Supporting Small and Local

For a year now I have been trying to find a way to source a majority of our groceries from small, local farmers. It has actually been harder than I thought, honestly. We do not live in a “food desert” but my area is much more urban than rural, and we have to drive a ways to find a farm. And then to try to make a list of which ones have what, and of those, make sure they are organic and humane, then finally, where are they, in relation to me and to each other? However, brilliant people eons ago solved this problem for me, I just needed to take advantage of it. Instead of running all over the map sourcing these ingredients, farmers make it easy on us by bringing it in to farmer’s markets, a resource I have neglected for far too long. Before Wyatt, we used to go all the time – for some reason we stopped going regularly. But last Saturday, we were up early and my kiddo is full of beans in the morning so we just threw on some clothes and left the house, in search of adventure and good food.

We found both! Eastern Market downtown is a huge farmer’s market, that has everything from flowers to meat to baked goods to produce to cheese and eggs. We happily wandered the sheds in search of what we wanted, and bought quite a few other things not on our list as well. We spent thirty dollars, and left with a giant bag filled to the top with fresh veggies (it’s a little early for fruit really here), including a huge bunch of radishes still all covered in dirt. I love radishes, and we eat them a lot, especially in our spring green quinoa bowls which we enjoy at least once a week. So that was an exciting find. We also bought a jar of fresh honey, handmade spinach basil ravioli, a small bag of mushrooms, a loaf of olive bread and a giant loaf of farm table bread, microgreens and pea shoots, asparagus, and some other assorted veggies that I can’t seem to remember.

I was entranced by the mushroom stall, as you can see. I have never seen that many different kinds of mushrooms all at once, and there were quite a few I had never heard of. We didn’t buy morels but they are on our list for next time!

We spotted this beauty too, also home grown in the D….

Since we were already out and on this mission we decided to head to Calder’s Dairy as well, to round out our day. It was a bit of a drive, and not well planned out to go from Eastern Market down to Calder’s Dairy, but it was a beautiful day and we had no other plans, so why not? At Calder’s we bought eggs, milk, butter, and ice cream, and oooed and ahhed over the cute little babies there! Calves and ducklings and goslings were everywhere! I wanted to take a few ducklings home but unfortunately my city frowns on raising any fowl so no chickens or ducks for me, although I would love a few of each!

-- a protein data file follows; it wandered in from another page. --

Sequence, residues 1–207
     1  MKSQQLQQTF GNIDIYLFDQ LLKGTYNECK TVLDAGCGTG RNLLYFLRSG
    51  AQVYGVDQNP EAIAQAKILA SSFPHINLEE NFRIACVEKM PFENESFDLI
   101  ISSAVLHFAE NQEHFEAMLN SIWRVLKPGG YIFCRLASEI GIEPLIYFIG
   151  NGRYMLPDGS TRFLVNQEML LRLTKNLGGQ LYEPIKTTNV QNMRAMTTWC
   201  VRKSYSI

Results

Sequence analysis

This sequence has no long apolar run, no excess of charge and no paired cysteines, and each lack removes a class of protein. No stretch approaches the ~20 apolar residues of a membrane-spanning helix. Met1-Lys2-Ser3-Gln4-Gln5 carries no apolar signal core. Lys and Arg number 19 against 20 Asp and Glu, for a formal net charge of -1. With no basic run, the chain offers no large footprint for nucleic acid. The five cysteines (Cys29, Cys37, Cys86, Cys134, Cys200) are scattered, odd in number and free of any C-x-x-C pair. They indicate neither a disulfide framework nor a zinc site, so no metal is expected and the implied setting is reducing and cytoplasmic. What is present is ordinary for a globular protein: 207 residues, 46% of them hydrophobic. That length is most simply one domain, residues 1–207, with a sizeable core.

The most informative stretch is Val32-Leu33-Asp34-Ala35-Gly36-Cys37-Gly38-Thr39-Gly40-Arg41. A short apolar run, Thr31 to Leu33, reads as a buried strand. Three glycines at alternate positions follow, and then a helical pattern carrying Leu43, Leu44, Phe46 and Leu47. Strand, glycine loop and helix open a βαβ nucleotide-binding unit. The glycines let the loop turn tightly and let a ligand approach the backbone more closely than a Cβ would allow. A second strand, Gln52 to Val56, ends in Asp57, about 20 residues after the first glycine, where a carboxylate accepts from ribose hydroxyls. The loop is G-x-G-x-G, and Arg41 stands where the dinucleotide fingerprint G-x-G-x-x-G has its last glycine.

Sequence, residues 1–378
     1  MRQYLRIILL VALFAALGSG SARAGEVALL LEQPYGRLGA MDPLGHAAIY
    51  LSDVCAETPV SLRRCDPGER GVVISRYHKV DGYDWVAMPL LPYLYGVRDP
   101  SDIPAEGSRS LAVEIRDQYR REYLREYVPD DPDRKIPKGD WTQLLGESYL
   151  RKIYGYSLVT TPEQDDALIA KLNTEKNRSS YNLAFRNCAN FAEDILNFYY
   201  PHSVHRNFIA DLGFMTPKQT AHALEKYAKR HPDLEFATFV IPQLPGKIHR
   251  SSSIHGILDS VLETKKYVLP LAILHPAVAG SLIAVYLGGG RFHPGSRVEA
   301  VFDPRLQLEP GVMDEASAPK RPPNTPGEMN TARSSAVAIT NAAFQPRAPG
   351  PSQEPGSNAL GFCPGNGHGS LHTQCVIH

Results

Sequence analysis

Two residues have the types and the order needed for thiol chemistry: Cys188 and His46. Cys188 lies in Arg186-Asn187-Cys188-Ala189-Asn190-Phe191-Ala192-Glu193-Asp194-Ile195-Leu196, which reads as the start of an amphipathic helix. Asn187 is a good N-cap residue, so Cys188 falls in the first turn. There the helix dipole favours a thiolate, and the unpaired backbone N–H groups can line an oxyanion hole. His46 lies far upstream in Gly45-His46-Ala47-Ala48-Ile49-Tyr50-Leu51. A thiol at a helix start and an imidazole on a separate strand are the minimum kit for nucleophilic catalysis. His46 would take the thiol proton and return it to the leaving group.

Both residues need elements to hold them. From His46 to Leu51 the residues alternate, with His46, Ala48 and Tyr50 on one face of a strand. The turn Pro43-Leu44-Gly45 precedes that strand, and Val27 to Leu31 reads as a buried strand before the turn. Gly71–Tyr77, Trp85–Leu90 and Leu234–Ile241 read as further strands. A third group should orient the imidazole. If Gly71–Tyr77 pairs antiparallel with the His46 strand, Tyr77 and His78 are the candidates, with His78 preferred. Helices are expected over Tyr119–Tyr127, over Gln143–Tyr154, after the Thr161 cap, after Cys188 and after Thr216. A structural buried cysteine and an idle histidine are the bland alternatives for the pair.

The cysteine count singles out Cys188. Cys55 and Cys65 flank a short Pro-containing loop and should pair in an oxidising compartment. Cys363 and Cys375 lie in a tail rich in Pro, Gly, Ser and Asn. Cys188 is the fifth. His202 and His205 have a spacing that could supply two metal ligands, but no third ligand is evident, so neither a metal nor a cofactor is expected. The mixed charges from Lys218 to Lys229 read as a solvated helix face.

When we got home I had a better idea of how to do this in the future, and next time I will have a plan. It was a little impulsive, fly by the seat of our pants but it was a fact finding mission and adventure this time. I did have to buy other groceries still but we had a chunk taken care of, and I felt good about where most of our food came from. I had to make our dinner plan around what I had bought, rather than the other way around, which was a little challenging, but it was doable. We just had different sorts of dinners! We had scrambled eggs on toasted olive bread sprinkled with microgreens and steamed asparagus on the side, spring quinoa bowls, the spinach basil ravioli, a pizza from the local Italian bakery that we baked ourselves (I bought this a different day but stuck to my mission), and then we ate out one day at my mom’s special request to eat at a particular restaurant. So, we got three meals out of our expedition and that was without a plan. We are going back next Saturday and you can be sure that I will have a rough dinner plan mapped out in my head and a mental list of ingredients. I am looking forward to doing this as often as we can this summer, and then to start preserving for the winter as well! It also forces us to live seasonally, which is better for the quality of our food as well as our environment.